C.S.S. Alabama arrived at Cherbourg, France for refitting. The Federal Navy had long sought the dangerous and elusive raider.
This evening, the 100,000-man Federal Army of the Potomac began one of the great movements in military history by preparing to secretly cross the 2,100-foot wide James River. A token force of one corps remained at Cold Harbor to feign an attack and deceive the Confederates, which succeeded. For the first time, Robert E. Lee misunderstood Ulysses S. Grant’s strategy.
The Battle of Trevilian Station continued, as Federals under General George A. Custer attacked Wade Hampton’s Confederates west of Trevilian Station. However, Fitzhugh Lee’s Confederate troopers arrived and repulsed Custer with heavy losses. The battle was a Federal victory, but the Confederates prevented Philip Sheridan’s cavalry from linking with David Hunter in the Shenandoah Valley. Sheridan withdrew to rejoin the Army of the Potomac, moving leisurely to keep the Confederate cavalry occupied as long as possible. Federals suffered 1,007 casualties during the campaign, while Confederates lost 612.
John Hunt Morgan’s Confederates were badly defeated at Cynthiana, Kentucky. Morgan withdrew to Abingdon in southwestern Virginia. Morgan’s Kentucky raid served no significant purpose except to boost southern morale. Attempts to draw Federal manpower away from other points to defend Kentucky were generally unsuccessful.
Samuel Sturgis’s shattered Federal force continued retreating to Memphis, with fighting breaking out along the way.
The bulk of the Federal Army of the Potomac moved rapidly from Cold Harbor toward the James River. Learning that the Federals at Cold Harbor were gone, Robert E. Lee sent troops across the Chickahominy River to guard the Richmond approaches, failing to realize that Richmond was not Ulysses S. Grant’s objective. As Lee prepared to attack the Federals outside Richmond, the Federals were crossing the James below the capital. The lead Federal unit–the Second Corps–reached the James while pontoon bridges were still under construction. Meanwhile, Grant ordered Benjamin Butler to obstruct navigation of the James by sinking old hulks in the river.
Lee, unaware of Grant’s move and concerned about David Hunter in the Shenandoah, further divided his army by sending his Second Corps under General Jubal Early west. Early was instructed to defend Lynchburg, drive Hunter from the Valley, and if possible, move north to threaten Maryland or even Washington. This would force Grant to send troops to defend the capital, thus easing Federal pressure on Richmond.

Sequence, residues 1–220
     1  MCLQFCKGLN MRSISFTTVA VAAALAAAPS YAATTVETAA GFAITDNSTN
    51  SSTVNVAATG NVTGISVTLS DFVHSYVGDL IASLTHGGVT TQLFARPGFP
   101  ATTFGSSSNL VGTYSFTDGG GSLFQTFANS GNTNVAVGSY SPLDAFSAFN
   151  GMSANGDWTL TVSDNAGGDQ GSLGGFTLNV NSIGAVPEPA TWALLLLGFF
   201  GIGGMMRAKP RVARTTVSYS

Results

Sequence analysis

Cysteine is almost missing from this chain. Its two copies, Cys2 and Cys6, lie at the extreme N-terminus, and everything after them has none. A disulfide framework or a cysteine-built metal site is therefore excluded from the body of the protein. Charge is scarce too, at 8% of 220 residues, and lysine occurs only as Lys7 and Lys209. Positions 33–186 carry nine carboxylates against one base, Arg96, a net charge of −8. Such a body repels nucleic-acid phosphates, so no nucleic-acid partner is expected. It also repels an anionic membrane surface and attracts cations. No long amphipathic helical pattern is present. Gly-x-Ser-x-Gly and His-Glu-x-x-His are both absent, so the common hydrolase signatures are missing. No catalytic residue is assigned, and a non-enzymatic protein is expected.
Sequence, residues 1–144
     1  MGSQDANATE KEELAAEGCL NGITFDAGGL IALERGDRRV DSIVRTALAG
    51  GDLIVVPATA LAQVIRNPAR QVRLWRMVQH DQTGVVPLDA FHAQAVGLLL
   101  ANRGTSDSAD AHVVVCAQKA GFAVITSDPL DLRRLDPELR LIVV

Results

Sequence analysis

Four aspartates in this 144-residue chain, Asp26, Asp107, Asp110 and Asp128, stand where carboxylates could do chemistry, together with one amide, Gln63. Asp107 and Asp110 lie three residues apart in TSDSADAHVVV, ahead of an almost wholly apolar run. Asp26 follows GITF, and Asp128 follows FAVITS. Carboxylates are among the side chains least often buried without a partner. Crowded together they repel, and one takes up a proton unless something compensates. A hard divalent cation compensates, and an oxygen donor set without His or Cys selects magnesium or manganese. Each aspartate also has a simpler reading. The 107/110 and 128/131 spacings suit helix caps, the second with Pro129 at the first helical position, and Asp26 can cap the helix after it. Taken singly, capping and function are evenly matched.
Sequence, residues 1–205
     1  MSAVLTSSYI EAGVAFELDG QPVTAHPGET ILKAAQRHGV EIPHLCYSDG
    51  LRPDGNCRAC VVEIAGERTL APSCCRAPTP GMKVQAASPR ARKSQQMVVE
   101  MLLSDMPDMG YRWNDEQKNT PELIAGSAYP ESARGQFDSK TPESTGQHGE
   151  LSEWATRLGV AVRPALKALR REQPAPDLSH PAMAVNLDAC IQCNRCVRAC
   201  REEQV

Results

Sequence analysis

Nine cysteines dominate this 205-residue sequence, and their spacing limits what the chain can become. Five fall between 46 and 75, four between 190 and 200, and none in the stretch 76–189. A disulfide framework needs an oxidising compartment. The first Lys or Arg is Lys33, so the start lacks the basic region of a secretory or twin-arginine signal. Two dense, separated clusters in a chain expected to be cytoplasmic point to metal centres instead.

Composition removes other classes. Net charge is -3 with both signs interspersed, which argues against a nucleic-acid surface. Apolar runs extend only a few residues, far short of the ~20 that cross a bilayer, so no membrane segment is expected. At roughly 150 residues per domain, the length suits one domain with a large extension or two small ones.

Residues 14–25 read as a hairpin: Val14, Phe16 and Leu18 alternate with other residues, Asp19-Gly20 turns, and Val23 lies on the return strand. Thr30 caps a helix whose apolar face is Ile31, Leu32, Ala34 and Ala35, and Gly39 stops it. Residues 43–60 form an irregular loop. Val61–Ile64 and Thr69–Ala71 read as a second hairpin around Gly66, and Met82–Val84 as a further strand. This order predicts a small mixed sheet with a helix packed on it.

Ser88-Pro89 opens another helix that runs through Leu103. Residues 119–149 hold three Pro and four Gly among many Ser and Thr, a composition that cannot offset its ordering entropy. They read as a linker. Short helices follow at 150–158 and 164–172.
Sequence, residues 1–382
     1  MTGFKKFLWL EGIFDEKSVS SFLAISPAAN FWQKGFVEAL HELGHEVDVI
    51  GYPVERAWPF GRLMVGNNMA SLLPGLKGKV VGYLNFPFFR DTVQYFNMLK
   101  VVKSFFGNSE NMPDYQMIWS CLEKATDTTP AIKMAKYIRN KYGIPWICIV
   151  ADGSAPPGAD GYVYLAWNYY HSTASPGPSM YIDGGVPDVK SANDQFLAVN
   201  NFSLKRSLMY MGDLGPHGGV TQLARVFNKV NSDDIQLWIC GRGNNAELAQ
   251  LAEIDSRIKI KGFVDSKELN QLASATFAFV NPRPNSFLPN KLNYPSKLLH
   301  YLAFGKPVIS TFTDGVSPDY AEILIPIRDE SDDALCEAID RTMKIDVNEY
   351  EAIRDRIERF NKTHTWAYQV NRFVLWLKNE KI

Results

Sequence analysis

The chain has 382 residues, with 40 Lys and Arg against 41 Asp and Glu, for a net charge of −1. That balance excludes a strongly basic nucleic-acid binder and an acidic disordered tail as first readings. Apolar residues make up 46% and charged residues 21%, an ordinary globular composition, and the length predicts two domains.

President Davis replied to complaints of neglect by General Edmund Kirby Smith in the Trans-Mississippi Department that “my ability to sustain you will be the measure of the assistance rendered to you.” There was little help Davis could offer.
Lieutenant General Richard Ewell was assigned to command the Department of Richmond. He replaced Major General Robert Ransom, Jr., who was assigned to the Department of Western Virginia.
Ulysses S. Grant transferred Eighteenth Corps to Benjamin F. Butler’s Army of the James via water and ordered them to attack Petersburg once more. Grant assured Chief of Staff Henry W. Halleck that Petersburg would be captured before Confederate reinforcements could arrive. Meanwhile, the Army of the Potomac’s Second Corps began crossing the James, and Federals continued indicating to Robert E. Lee they intended to attack north of the James.
In Georgia, William T. Sherman sent Federal skirmishers forward. They were observed from the crest of Pine Mountain by Joseph Johnston and his top commanders, Generals William Hardee and Leonidas Polk. A Federal artillery shell killed Polk, the Confederates’ most beloved general. Polk’s death was a serious blow to Johnston’s command.
U.S.S. Kearsarge arrived at Cherbourg to confront C.S.S. Alabama. Captain John A. Winslow commanded Kearsarge, which had sailed from the Dutch coast in response to a challenge from Alabama Captain Raphael Semmes to fight.
The Confederate Congress passed a law imposing new taxes on property and income and then, due to Federal military pressure on Richmond, adjourned.
Jefferson Davis and Robert E. Lee did not heed warnings from General P.G.T. Beauregard that the Federal Army of the Potomac would target Petersburg, not Richmond. Beauregard could muster only 3,000 men to face an attacking force of about 16,000. Beauregard placed most of his troops on the eastern defense line and wired Lee to hurry to Petersburg.